I can’t complain about the Golden Dragon, a Chinese restaurant nestled in a small shopping plaza on Broadway (yes, there’s a Broadway in Sacramento). The food is pretty cheap and really good, and fast—just twenty minutes or so if you call in your order for pickup. We ordered in last week and had the House Special Dinner B: hot and sour soup, fried prawns, cream cheese fried wantons, General Chicken, Beef in Hot Garlic Sauce, and pork-fried rice—all for just $11.50 per person. Nice.

Monday, February 09, 2009

ICCA #11: Zelda’s

I can’t complain about Zelda’s, a Sacramento restaurant institution. Though Sacramento has a variety of dining options, we’ve found that our favorite is not very glamorous: a pizza place. From the outside, with its impenetrable, windowless front and uninviting, industrial-strength door, Zelda’s appears to be a dive-y establishment, perhaps one we would not be welcome to enter. Inside, however, it couldn’t be friendlier, with a smallish bar area and lots of high-backed wooden booths, all very dimly lit save for some all-season Christmas lights. The deep-dish pizza at Zelda’s is unique, its crust almost pie-like—not greasy at all. We always order the Combination, with mushrooms, olives, peppers, sausage, and pepperoni, and a half-pitcher of Budweiser. Our total bill is always exactly $25. Can’t complain about that.

Friday, February 06, 2009

A Week of Foraging

When you live in a place like Sacramento, you get your thrills where you can find them. This week, Andrew and I challenged ourselves to eat for an entire week without going to the grocery store, foraging for meals within our refrigerator and cupboards. It’s Friday, and we’ve done very well. Here’s the rundown:

Late Sunday night, post-Super Bowl: leftover pizza from Saturday night at Zelda’s, our favorite pizza place.

Monday: Lunch—sandwich (Andrew), remaining leftover chicken piccata and rice pilaf from last Thursday (me). Dinner—fettuccini with sautéed Swiss chard, walnuts, garlic, and sun-dried tomatoes. Andrew also made a batch of blackberry muffins with blackberries we’ve had in our freezer since the summer.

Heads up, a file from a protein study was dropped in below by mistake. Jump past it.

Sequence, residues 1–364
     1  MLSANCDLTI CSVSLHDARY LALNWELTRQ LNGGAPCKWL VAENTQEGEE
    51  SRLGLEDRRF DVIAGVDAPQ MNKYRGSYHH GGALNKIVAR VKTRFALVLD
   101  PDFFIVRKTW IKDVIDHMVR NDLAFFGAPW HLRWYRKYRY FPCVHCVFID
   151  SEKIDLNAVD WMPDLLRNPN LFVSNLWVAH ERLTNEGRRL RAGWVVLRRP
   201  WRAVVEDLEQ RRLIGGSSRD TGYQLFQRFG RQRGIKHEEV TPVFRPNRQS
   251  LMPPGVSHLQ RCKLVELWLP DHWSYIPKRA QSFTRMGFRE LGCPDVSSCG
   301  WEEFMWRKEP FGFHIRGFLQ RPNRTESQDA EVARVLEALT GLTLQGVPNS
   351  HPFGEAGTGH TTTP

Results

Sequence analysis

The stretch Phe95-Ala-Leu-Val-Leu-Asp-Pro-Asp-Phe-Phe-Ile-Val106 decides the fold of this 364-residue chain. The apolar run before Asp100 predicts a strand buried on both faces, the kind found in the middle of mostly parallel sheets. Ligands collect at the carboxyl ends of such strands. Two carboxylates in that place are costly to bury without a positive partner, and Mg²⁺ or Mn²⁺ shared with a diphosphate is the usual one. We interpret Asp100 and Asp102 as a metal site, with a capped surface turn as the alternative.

Tuesday: Lunch—sandwich (Andrew), leftover fettuccini (me). Dinner—egg salad sandwiches a la Alice Waters (scallions, capers, parsley, cayenne pepper).

Wednesday: Lunch—leftover fettuccini. Dinner—chicken salad sandwiches a la Alice Waters (chicken, scallions, capers, celery, cayenne pepper).

Thursday: Lunch—leftover chicken salad (Andrew) and egg salad (me). Dinner—carry-out Chinese. Still not a grocery store.

Friday: Lunch—leftover Chinese. Dinner: a mystery. We’ll see what we can find.

Wednesday, February 04, 2009

Gamblin’ Time

Two Wednesdays ago, Andrew called from work and said, “I just checked last night’s lottery numbers.” On any other day, this would have been of little importance. We play the California Mega Millions on Tuesdays and Fridays, counting on our shrewdly picked numbers to set us up, eventually, for life, and we’re pretty consistent in our luck: we usually get zero numbers.

But on this particular Wednesday morning, the news was a little different: we’d forgotten to get our Mega Millions ticket for Tuesday. Andrew’s voice was grim, and my stomach dropped. “We got three numbers,” he said. Why are you telling me this? I screamed in my head. Out loud I asked quietly, “What would we have won?”

Andrew waited a beat before breaking the news. “Four dollars,” he said finally, and I nearly shouted with relief.

I tell this little anecdote because it seems our luck has changed; and Sunday night I won $100 on the Super Bowl. This is remarkable for a couple of reasons: first, because I’ve never before bet money on the Super Bowl, and second, because I’ve actually never watched the Super Bowl the whole way through. But I had a small bet going with Andrew’s family, with $40 as my prize if the Steelers won, and was involved without my knowledge in Andrew’s pool at work—a “squares” wager that ye who usually watch the Super Bowl probably know about. It’s a game based solely on luck, with four prizes available, one after each quarter of the game (the winner is named based on the score of the game at that time). Andrew won the second quarter. And I won the big one—the fourth and final quarter. Our total winnings topped $100.